Home Listing method Why does the Modi government want to ban private cryptocurrencies?

Why does the Modi government want to ban private cryptocurrencies?



In recent weeks, cryptocurrency talks have been everywhere. Decentralized digital currencies secured by cryptography have been the subject of a prime minister’s meeting, a statement from the Reserve Bank of India governor and were presented in a barrage of advertisement during cricket matches. On November 23, we learned that the Lok Sabha was going to introduce a cryptocurrency bill.

There has been a lot of speculation as to whether the law would ban cryptocurrencies or simply attempt to regulate them.

Already in March 2020, a Reserve Bank of India ban on cryptocurrencies was overturned by the Supreme Court

Supporters of cryptocurrency claim that digital currencies reduce the cost of transactions and bring more transparency to the financial system. But skeptics say they are wary of the lack of government control over such instruments and that they could be used to fund illegal activities.

This is what you need to know about the situation.

What is happening?

Last week the Lok Sabha bulletin listing the agenda for the winter session of Parliament said the government will introduce the Cryptocurrency and Official Digital Currency Regulation Bill, 2021. The bill aims to “create a framework facilitating the creation of the official digital currency to be issued by the Reserve Bank of India ”.

“The bill also seeks to ban all private cryptocurrencies in India,” the bulletin said. “However, it allows certain exceptions to promote the underlying technology of the cryptocurrency and its uses.”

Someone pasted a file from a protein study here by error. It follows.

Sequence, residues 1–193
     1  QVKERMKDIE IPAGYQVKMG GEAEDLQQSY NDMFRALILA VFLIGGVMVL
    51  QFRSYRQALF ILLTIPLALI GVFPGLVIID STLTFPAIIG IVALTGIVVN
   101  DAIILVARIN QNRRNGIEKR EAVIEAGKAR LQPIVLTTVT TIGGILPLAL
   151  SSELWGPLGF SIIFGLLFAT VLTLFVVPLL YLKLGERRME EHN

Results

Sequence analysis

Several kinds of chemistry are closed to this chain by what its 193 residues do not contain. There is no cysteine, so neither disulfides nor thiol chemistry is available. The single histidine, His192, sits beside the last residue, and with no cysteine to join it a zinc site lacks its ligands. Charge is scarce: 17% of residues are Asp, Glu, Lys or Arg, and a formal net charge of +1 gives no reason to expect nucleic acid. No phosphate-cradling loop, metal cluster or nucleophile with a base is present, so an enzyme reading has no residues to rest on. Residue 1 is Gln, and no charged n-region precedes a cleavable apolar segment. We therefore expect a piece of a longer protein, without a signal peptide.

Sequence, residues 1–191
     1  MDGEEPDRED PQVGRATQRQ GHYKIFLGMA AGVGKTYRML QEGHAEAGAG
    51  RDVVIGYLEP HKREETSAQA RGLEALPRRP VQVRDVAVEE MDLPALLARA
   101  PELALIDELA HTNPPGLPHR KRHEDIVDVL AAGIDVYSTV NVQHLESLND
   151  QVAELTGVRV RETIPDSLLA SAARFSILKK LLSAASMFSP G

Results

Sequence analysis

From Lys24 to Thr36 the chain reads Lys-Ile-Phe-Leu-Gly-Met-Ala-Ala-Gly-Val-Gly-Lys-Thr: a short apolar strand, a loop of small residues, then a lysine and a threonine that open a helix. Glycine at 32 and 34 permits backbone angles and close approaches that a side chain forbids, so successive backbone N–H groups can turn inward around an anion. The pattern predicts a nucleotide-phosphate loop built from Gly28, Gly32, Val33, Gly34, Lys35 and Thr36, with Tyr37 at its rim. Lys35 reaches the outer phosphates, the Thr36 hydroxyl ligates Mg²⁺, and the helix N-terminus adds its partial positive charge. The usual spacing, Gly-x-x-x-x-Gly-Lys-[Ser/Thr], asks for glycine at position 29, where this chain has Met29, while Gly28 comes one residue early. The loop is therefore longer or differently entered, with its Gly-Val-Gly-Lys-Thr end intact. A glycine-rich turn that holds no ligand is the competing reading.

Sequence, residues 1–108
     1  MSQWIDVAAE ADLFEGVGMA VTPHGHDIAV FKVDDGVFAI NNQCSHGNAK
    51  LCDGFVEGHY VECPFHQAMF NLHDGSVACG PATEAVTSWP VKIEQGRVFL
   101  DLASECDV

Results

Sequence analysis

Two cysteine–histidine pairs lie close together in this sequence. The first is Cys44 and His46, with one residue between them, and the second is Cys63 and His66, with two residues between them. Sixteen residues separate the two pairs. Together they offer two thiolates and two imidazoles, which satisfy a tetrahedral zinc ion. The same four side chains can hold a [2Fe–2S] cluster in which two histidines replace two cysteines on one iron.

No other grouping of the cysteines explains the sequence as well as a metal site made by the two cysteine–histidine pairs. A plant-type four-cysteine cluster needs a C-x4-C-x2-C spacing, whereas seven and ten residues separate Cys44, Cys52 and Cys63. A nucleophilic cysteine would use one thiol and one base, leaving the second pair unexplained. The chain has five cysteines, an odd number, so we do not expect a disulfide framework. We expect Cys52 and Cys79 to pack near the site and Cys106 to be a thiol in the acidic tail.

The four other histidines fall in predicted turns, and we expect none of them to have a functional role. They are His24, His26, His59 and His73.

Officially, that is all we know about the bill. But reports have speculated what it might contain. Some suggest that although the government could not to be in favor an outright ban, the Reserve Bank of India is. Some reports say that a some crypto-currencies can be authorized and that cryptocurrency earnings can be heavily taxed.

Another report suggests that the government will ban all cryptocurrencies and set an exit period for those who currently own cryptocurrencies.

What is cryptocurrency?

A cryptocurrency is protected by cryptography. This is a method of encrypting communication using a code so that it is only accessible to the persons for whom it is intended. Cryptocurrency is produced by “mining” it: powerful computers are deployed to crack these codes, for which they are rewarded with currency.

This is done without central authority or intermediary, using blockchain technology: “A shared, immutable ledger that facilitates the process of recording transactions and tracking assets in a corporate network,” says technology giant IBM. Each block contains only some information. Once the data is added to a block, it becomes extremely difficult to modify it, because all subsequent blocks are connected and should be modified as well. As a result, cryptocurrency is considered almost impossible to duplicate.